Saturday, April 20, 2013

Ek Thi Daayan 

Witch Witch Hota Hai 

Horror movies, like those murderous spookfests on TV, are very fond of picking up the worst superstitions and blowing them up to scary levels. Ek Thi Daayan has probably been made to cash in on the Twilight-led vampire trend in Hollywood. Instead of routine bhoots, the daayan and pishaach, the undead rustic equivalents of vampires, can be turned into a lucrative horror franchise, since they come with their own myths—the backward feet, powerful braids and shape-shifting abilities.

Dig a bit and all the unpleasant clichés about powerful women come out—they are evil, they beguile men and feed on children. That’s why in many parts of rural India, women are killed as daayans, more so if they are old, alone and own property. One doesn’t expect the regular Hindi filmmaker to get in layers of meaning and social commentary, but with a story by Mukul Sharma and Vishal Bhardwaj as co-producer, one could expect an unconventional thriller.

Kannan Iyer’s Ek Thi Daayan works well as a horror film, recycling all the local beliefs plus some from Hollywood (the devil’s number is 666); if gloomy atmospherics and some jump-out-of-seat moments are what you are looking for this one delivers. But heck, anyone can do this kind of horror. A film that spooks and provokes is rare.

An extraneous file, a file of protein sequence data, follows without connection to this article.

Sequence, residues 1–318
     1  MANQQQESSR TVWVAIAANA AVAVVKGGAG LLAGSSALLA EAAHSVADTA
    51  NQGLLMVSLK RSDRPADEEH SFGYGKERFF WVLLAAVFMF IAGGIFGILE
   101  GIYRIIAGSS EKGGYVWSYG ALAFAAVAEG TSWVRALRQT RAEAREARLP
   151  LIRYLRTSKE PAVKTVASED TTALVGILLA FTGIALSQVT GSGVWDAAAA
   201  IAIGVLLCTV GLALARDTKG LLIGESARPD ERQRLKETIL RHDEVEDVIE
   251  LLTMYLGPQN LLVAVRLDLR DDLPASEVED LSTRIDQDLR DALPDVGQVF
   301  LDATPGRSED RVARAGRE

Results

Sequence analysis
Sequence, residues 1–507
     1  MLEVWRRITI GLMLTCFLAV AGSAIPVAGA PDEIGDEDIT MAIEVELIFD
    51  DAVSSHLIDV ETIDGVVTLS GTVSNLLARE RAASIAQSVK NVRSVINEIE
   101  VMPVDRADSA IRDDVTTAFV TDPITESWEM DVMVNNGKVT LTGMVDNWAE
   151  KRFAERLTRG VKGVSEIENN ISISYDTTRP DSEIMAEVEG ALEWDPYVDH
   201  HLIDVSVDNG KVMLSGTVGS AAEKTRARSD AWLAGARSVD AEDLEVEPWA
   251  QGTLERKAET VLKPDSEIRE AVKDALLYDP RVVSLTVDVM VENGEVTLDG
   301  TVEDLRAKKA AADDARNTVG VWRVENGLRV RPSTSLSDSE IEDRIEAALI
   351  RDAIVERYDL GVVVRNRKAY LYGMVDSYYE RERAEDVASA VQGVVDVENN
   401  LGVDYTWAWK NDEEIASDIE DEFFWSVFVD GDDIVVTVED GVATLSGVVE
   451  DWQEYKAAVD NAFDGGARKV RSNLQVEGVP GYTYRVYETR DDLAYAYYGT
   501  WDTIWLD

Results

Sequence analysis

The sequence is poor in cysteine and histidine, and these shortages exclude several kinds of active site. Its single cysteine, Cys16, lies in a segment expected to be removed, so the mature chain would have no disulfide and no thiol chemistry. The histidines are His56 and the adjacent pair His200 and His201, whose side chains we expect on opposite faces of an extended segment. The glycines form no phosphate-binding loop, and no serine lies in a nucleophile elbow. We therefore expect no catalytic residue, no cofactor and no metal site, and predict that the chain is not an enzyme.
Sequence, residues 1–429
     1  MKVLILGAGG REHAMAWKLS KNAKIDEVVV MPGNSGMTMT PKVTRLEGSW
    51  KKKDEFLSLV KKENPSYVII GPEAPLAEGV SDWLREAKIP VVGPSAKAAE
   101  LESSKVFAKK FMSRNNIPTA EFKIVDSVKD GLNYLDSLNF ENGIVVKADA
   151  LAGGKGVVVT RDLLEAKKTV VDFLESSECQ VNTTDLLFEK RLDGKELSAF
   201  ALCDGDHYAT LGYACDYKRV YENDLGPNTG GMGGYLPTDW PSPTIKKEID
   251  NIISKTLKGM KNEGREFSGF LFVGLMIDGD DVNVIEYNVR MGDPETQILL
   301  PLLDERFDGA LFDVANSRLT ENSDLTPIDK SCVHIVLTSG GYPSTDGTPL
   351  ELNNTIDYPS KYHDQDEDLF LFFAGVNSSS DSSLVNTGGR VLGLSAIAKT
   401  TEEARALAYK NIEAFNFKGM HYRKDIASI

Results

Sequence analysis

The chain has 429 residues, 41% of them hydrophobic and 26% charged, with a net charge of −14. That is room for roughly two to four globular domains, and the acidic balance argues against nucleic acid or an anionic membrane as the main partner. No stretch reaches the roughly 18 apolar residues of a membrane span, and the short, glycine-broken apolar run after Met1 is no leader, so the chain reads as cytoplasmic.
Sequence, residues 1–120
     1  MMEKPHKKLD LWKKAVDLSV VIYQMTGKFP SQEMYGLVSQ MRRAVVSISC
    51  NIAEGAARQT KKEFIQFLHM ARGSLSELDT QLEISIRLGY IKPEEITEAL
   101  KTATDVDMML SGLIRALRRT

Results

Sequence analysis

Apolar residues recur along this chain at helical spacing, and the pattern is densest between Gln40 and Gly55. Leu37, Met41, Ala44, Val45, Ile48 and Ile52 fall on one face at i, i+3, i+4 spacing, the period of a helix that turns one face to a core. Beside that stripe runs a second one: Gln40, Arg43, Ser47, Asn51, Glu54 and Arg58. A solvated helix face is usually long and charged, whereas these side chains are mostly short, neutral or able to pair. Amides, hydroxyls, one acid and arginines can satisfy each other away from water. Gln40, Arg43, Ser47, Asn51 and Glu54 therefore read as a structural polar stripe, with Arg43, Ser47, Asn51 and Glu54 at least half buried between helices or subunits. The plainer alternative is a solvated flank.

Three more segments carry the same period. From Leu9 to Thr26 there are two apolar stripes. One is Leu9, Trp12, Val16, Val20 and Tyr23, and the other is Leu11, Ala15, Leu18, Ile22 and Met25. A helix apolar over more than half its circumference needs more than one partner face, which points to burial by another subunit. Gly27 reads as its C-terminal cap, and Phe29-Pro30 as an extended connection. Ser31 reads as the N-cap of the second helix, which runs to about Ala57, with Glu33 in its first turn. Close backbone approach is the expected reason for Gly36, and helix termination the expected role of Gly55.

Bobo The Baffler (Emraan Hashmi) is a stage magician, whose tricks start going wrong because he gets disturbing flashes connected to his past.  He contacts a psychiatrist-hypnotist Dr Palit (Rajatava Dutta), who had treated him as a child, and in flashback tells the story of the reptilian Diana (Konkona Sen Sharma), who has bewitched and married Bobo’s father (Pavan Malhotra). Bobo had his mind full of the supernatural from a forbidden book he was reading, and telling his sister Misha chilling tales. Then, there’s the building lift that is out of order, but can take a passenger on a trip to “hell.”  Bobo’s complaints of the stepmom being a “daayan” are dismissed as an overactive imagination. 

Now grown up Bobo and his girlfriend Tamra (Huma Qureshi) are planning marriage and adoption of an orphan. Then Lisa (Kalki Koechlin) turns up, claiming to be a fan, and wants to buy Bobo’s ominous old house. The first half has nowhere to go, really, so the second ties itself up with red herrings and a truly laughable climax.

Wonder what Emraan Hashmi saw in this wishy-washy part; the one who claws into the role like a, errr, witch from the netherworld, is Konkona Sen Sharma. Huma Qureshi and Kalki Koechlin pass muster. Impressive production design, good cinematography and decent music (though the Tote ud gaye number caused some unintended hilarity among the audience) make Ek Thi Daayan appealing to some, but it could have done more with the material at hand.


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